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lin Street, all being out, then a walk and back  home.         /            In
the afternoon got a letter from Keating, whereby it appears he was not the
writer of the last missive, someone   (I suppose J B H having assumed
his signature for the purpose of humbugging all.     Wrote to Keating.
  17. Sunday.   The rain rained down in, not Maryland, but New York town
at such a rate that I could not stir out till the afternoon, then to Mul-
berry Street, and Mr Greatbatche s.   Supped there, pleasantly, subsequently in
the even with Joe and the boys walked out. Left them at Leonard Street,
then alone to Franklin.  Had a bit of a row with the fat old woman, who
looked out of window in consequence of my ringing both bells. Had to tell her to
go to bed or lock her-self up, whereat she was greatly irate.  Mrs Kidder coming
to the door; went in, Mason, Miss Gibson,  Lotty , and two masculines,
Pope and another.   Talk of the feud  twixt Mrs K & the fat old woman, who
it seemeth liketh not Mrs K s visitors conversations, and hath discoursed scurrilous
thereon.     General talk.  Mrs K reading partially clever letter from a Mr Morse
at Boston; he recommending her to read Dante, (nobody present having read it!)
Mason lay on sofa, side by Miss Gibson, she eau-de-cologning his caput for head-ache
remedy.   Lotty  talked with masculines, and me.       Two masculines go, the
rest of us remain.    Lotty s  face is a fair one, in repose, as well as animation,
her complexion is ^|not| clear, her features good, and what vivacity and life in her
bright black eyes.   What a glorious little creature would she have been, had
not the devil of Wilfulness got the mastery.     [words crossed out]
[line crossed out]
[word crossed out].         Left about 11.
  18. Monday. To Duane Street, found Mr H & Dillon had gone.
To Wall Street, Holmes & Anderson.   Former away.  Posted letter. To Butlers,
to Strongs, Watt s, and a printers where I saw Andrews. Left the  Reveille 
after a weeks editorializing.  To Roberts; saw him.     In doors idling during
Page
Title:Thomas Butler Gunn Diaries, Volume Two: page one hundred and fifty-six
Description:Describes a visit to Mrs. Kidder's boarding house, and an encounter with her landlady.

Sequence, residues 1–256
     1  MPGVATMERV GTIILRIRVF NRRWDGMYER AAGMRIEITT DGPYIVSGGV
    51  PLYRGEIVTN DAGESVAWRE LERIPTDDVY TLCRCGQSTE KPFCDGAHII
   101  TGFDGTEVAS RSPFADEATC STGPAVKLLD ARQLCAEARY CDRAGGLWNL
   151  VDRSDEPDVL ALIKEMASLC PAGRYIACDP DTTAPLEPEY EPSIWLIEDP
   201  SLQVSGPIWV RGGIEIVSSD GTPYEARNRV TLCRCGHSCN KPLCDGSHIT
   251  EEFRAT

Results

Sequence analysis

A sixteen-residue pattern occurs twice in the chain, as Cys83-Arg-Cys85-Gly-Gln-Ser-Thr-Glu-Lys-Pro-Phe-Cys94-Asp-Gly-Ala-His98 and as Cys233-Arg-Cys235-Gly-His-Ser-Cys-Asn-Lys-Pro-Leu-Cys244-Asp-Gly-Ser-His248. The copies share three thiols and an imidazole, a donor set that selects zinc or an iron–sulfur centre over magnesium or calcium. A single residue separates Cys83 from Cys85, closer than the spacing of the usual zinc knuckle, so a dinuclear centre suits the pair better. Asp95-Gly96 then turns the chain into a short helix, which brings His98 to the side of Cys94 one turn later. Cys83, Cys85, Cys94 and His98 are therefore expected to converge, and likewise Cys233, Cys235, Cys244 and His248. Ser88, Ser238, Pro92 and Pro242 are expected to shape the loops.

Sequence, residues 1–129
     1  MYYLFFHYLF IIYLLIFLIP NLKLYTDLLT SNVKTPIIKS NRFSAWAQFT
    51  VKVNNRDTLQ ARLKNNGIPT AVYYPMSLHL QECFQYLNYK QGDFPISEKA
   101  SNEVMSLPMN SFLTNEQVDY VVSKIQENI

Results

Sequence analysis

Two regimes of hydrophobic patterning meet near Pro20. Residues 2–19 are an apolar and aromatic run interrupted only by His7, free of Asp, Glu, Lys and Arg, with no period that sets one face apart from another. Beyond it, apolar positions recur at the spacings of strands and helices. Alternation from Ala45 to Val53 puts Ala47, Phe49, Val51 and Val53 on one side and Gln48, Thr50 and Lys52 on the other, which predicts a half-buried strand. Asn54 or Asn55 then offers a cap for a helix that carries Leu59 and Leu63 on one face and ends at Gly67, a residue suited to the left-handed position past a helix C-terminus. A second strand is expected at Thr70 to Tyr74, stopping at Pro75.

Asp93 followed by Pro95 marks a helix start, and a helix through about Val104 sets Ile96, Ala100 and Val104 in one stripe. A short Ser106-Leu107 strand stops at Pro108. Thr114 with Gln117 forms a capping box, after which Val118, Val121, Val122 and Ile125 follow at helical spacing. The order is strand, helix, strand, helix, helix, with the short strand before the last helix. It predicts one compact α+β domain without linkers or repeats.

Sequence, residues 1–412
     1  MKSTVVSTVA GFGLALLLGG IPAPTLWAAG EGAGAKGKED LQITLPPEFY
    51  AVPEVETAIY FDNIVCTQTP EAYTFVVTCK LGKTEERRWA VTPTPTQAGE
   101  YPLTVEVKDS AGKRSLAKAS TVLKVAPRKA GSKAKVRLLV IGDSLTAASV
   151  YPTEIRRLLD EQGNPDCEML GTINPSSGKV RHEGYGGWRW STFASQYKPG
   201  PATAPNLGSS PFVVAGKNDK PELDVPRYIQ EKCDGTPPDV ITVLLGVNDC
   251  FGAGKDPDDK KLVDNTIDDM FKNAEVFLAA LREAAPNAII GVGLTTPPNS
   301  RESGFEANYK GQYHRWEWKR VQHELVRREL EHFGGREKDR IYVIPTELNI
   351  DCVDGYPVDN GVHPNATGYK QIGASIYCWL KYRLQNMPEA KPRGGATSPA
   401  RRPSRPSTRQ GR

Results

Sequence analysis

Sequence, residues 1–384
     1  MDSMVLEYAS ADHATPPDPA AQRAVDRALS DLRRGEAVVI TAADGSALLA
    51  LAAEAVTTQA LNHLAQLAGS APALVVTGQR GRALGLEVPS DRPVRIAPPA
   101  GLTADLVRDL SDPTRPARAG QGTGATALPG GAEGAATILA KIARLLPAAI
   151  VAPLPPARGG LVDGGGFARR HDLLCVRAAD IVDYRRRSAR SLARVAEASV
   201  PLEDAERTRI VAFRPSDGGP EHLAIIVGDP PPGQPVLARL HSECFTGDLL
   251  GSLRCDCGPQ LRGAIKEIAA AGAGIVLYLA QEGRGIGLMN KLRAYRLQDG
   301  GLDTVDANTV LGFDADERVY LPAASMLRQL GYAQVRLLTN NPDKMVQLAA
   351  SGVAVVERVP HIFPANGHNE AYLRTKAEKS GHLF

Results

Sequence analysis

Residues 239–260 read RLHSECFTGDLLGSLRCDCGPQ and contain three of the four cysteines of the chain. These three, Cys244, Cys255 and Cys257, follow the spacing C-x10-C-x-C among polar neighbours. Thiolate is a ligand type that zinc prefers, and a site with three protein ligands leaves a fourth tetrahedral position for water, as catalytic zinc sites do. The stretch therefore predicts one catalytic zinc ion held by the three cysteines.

Date:1851-08-16
Subject:Boardinghouses; Gibson, Jane (Mason); Greatbatch, Joseph; Greatbatch, Joe; Gunn, Thomas Butler; Holmes, John B.; Keating; Kidder, Charlotte (Whytal, Granville); Kidder, Rebecca (Morse); Mason; Pope; Women
Coverage (City/State):New York, [New York]; Maryland
Coverage (Street):Franklin Street; Leonard Street; Mulberry Street
Scan Date:2011-02-07

 

Volume
Title:Thomas Butler Gunn Diaries, Volume Two
Description:Includes descriptions of Gunn's attempts to find drawing work among New York publishers, brief employment in an architectural office, visits to his soldier friend William Barth on Governors Island, boarding house living, drawing at actor Edwin Forrest's home at Fonthill Castle, and sailing and walking trips taken with friends.
Subject:Boardinghouses; Books and reading; Gunn, Thomas Butler; Military; Publishers and publishing; Religion; Travel; Women
Coverage (City/State):New York, New York
Note:Thomas Butler Gunn was born February 15, 1826, in Banbury, England, and came to New York in 1849. During the Civil War he worked as a correspondent for the New York Tribune and the New York Evening Post. He returned to England in 1863, and died in Birmingham in April 1903. The collection includes twenty-one volumes of his diaries, including newspaper clippings, letters, photographs, sketches, and various other items inserted by Gunn. Diary entries date from July 7, 1849, to April 7, 1863, and include his experiences with the New York publishing and literary world, his descriptions of boarding houses, his travels throughout the United States, and his experiences traveling with the Federal army as a Civil War correspondent.
Publisher:Missouri History Museum
Rights:Copyright 2011 Missouri History Museum.
Source:Page images, transcriptions, and metadata of the Thomas Butler Gunn diaries have been provided by the Missouri History Museum.